FacebookTwitterGoogle+RedditEmail

The Ordeal of Cameron Douglas

by ANTHONY PAPA

Cameron Douglas, the son of Academy Award winner Michael Douglas who is serving a five-year sentence for drug dealing, was just sentenced to an additional four and a half years in prison. Judge Richard Berman, who has to be one of the most clueless justices in the federal system, whacked Cameron with additional time for what is essentially Cameron’s very bad drug habit. The judge in his legal reasoning said: “I don’t believe that I have had another case ever…of a defendant who has so recklessly, and flagrantly, and wantonly and criminally acted in as destructive and manipulative a fashion.” I hear you judge, but I guess you don’t know what drug relapse is about.

What good is it to serve an admitted addict with additional time in prison which is costing the taxpayer a ton of dough to make a point? We know Cameron is a fuck up. It’s apparent after all the blundering and idiotic bad moves he has made. But in reality, is an additional four and a half years — two and a half more than the government sought to punish Cameron for his crime of addiction — worth it? Substance abuse is a disease, which unfortunately doesn’t go away overnight. I know that Douglas pissed off the judge but Berman should realize that our drug policies fail to account for the fact that drug use is a health issue and that relapse is an expected part of the recovery process.

In my experience doing a 12-year sentence for a nonviolent drug law violation, I witnessed hundreds of drug addicted people cycle in and out of the prison I was in. It’s well established that incarcerating people who use drugs does far more harm than good. It does nothing to treat addiction, it’s much more expensive than real treatment, and it’s an affront to human rights and civil liberties.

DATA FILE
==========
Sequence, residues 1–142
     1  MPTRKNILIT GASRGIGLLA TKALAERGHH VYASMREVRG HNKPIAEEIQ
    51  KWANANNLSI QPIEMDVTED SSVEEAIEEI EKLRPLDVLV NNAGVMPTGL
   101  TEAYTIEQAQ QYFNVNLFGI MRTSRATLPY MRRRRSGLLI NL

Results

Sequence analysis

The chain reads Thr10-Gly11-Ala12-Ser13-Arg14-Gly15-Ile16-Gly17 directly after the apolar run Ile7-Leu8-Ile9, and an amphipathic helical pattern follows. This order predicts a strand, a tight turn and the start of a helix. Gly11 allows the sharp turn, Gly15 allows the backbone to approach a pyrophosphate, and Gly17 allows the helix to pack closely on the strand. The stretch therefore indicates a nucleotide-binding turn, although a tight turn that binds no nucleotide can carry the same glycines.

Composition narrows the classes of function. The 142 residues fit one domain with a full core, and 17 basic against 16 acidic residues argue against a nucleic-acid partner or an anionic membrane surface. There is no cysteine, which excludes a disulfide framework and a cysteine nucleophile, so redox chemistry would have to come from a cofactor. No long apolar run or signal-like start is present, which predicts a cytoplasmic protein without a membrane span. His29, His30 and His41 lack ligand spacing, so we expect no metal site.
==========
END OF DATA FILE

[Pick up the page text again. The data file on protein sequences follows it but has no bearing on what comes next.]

Unfortunately our government continues to lock up people with drug addictions instead of giving them treatment. Treatment is valid for fighting the demons of addiction and an effective tool in overcoming the government’s use of incarceration and punitive measures in response to nonviolent drug law offenses stemming from addiction.

At the recent U.S. Conference of Mayors’ annual meeting in Baltimore, it was pointed out that the U.S. has by far the highest incarceration rate in the world. It has 2.4 million of its residents in prison or jail, including roughly 500,000 Americans behind bars for drug law violations — an increase of 1200 percent since 1980. Criminal justice experts attribute the exploding U.S. prison population to harsh sentencing laws and record numbers of drug law offenders, many of whom have substance abuse problems.

And my repetitive motif is this question. Should we treat drug addiction as a criminal matter or a medical problem? For most people, treatment is much more effective than incarceration for breaking their addictions, yet our prisons are full of drug-addicted individuals. Nonviolent drug offenders should be given an opportunity to receive treatment, not jail time, for their drug use. This would be a more effective and a much more affordable solution for the individual and the community.

I am saddened that Cameron has to learn the hard way about his addiction. I feel sorry for him and his family and pray that he survives his prison experience. Prison is a horrible place and until he accepts responsibility for his actions, Douglas will forever be a prisoner to his drug addiction.